* Director Lawrence Kasdan, 45, fell off his high horse with the turgid three-hour flop Wyatt Earp. Audiences weren't the only ones to neigh: Screenwriter Dan Gordon loudly and publicly complained that Kasdan's rewrites destroyed his and star Kevin Costner's original concept.
* It used to be the literary must-read, but publishing insiders are grumbling that the New York Times Book Review is in bad need of an overhaul. The critics' consensus: Too many knee-jerkishly PC pieces, fuddy-duddy presentation, and too much puffy praise for books by Times staffers.
* As last leading light Phil Hartman staggered out the door, Lorne Michaels' Saturday Night Live opened its 20th season to brutally negative reviews. Meanwhile, the Lassie update by the 49-year-old producer (below) had a ''ruff'' time finding an audience, and if anyone is pumped for that long-threatened Hans and Franz Go to Hollywood flick, we're sure Michaels would like to meet them.
* Hollywood may be in a tizzy over the upcoming movie version of his megaselling first novel, The Bridges of Madison County, but others aren't nearly as enchanted. Slow Waltz in Cedar Bend, the sophomore effort by Robert James Waller, 53, couldn't measure up to its predecessor; his folk album was widely ridiculed; and his third book, Border Music due for release in February could cement his status as a one-superbook wonder.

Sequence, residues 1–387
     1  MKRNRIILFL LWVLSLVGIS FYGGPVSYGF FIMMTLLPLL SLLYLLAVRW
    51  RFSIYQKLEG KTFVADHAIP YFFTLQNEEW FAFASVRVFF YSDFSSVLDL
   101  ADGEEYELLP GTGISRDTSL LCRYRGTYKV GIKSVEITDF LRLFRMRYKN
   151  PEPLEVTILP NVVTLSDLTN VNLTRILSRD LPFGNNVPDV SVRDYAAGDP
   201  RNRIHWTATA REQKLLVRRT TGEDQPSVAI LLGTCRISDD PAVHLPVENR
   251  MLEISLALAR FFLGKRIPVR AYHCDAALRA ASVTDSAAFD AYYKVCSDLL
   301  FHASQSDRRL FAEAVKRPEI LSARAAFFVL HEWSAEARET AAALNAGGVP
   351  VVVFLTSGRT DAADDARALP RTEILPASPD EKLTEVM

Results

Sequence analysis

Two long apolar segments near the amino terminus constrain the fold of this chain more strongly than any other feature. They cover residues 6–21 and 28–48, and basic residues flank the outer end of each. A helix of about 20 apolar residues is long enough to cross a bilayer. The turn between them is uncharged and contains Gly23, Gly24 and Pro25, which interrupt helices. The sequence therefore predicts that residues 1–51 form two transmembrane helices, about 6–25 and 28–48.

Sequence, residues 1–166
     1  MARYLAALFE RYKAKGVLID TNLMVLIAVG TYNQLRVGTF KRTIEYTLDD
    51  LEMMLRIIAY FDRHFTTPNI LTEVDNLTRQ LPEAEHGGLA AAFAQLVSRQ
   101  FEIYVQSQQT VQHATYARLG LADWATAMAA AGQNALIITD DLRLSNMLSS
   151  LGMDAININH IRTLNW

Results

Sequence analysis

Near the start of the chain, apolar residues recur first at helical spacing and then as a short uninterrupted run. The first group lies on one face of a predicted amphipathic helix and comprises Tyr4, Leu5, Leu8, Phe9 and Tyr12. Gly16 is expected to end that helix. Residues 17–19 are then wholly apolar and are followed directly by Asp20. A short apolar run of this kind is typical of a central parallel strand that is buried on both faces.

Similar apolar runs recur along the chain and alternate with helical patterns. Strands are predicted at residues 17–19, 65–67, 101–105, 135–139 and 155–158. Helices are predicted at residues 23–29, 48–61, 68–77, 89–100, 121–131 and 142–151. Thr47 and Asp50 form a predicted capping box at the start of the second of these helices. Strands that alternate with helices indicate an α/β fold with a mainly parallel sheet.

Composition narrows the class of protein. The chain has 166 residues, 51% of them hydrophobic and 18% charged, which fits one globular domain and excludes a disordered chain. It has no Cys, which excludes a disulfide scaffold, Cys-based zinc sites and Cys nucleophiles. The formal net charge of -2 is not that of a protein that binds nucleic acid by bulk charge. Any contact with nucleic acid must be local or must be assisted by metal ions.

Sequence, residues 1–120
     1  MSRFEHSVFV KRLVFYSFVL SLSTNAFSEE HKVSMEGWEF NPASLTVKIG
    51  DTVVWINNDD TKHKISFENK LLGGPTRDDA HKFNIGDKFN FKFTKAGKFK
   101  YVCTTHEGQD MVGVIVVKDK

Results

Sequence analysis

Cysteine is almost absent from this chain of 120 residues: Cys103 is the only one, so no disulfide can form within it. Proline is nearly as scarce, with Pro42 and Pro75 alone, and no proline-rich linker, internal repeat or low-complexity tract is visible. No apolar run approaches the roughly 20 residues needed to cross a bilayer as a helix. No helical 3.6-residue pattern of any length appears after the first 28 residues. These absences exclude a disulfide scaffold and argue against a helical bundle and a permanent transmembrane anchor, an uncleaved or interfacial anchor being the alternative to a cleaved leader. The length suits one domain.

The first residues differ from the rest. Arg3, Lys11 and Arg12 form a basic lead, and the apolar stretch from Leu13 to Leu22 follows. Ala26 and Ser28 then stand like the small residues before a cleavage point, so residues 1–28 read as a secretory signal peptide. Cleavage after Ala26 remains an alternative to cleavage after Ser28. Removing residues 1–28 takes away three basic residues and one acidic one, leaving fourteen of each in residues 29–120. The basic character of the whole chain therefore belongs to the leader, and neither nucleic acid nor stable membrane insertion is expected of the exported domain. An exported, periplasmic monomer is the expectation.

* Troubled Guns N' Roses lead singer Axl Rose , 32, may have played out his welcome as rock's reigning nutcase: Abuse lawsuits have been filed by his former wife, Erin Everly, and by an ex-girlfriend, supermodel Stephanie Seymour. Rumors of a Guns N' Roses split abound, even as the group is at work on a new album. Meanwhile, guitarist Slash played a stint with Paul Shaffer on Letterman. What's next, Vegas?
* Months of speculation ended in September when Peter Guber, 52, stepped down after five years as Sony Pictures' free-spending CEO. ''Managing ... became less and less appealing'' was his version. Sony may have found Guber less appealing after box office losers like Last Action Hero, but it's giving him a Sony-funded multimedia company-how else to justify his reported $40 million golden handshake?
* Maybe creators Sheryl Leach and Richard Leach landed at No. 3 on Forbes' top 40 list of entertainment moneymakers, but this year, Barney looks like he's finally bound for La Brea: One licensing company estimates that sales of Purple One merchandise have dropped 50 percent.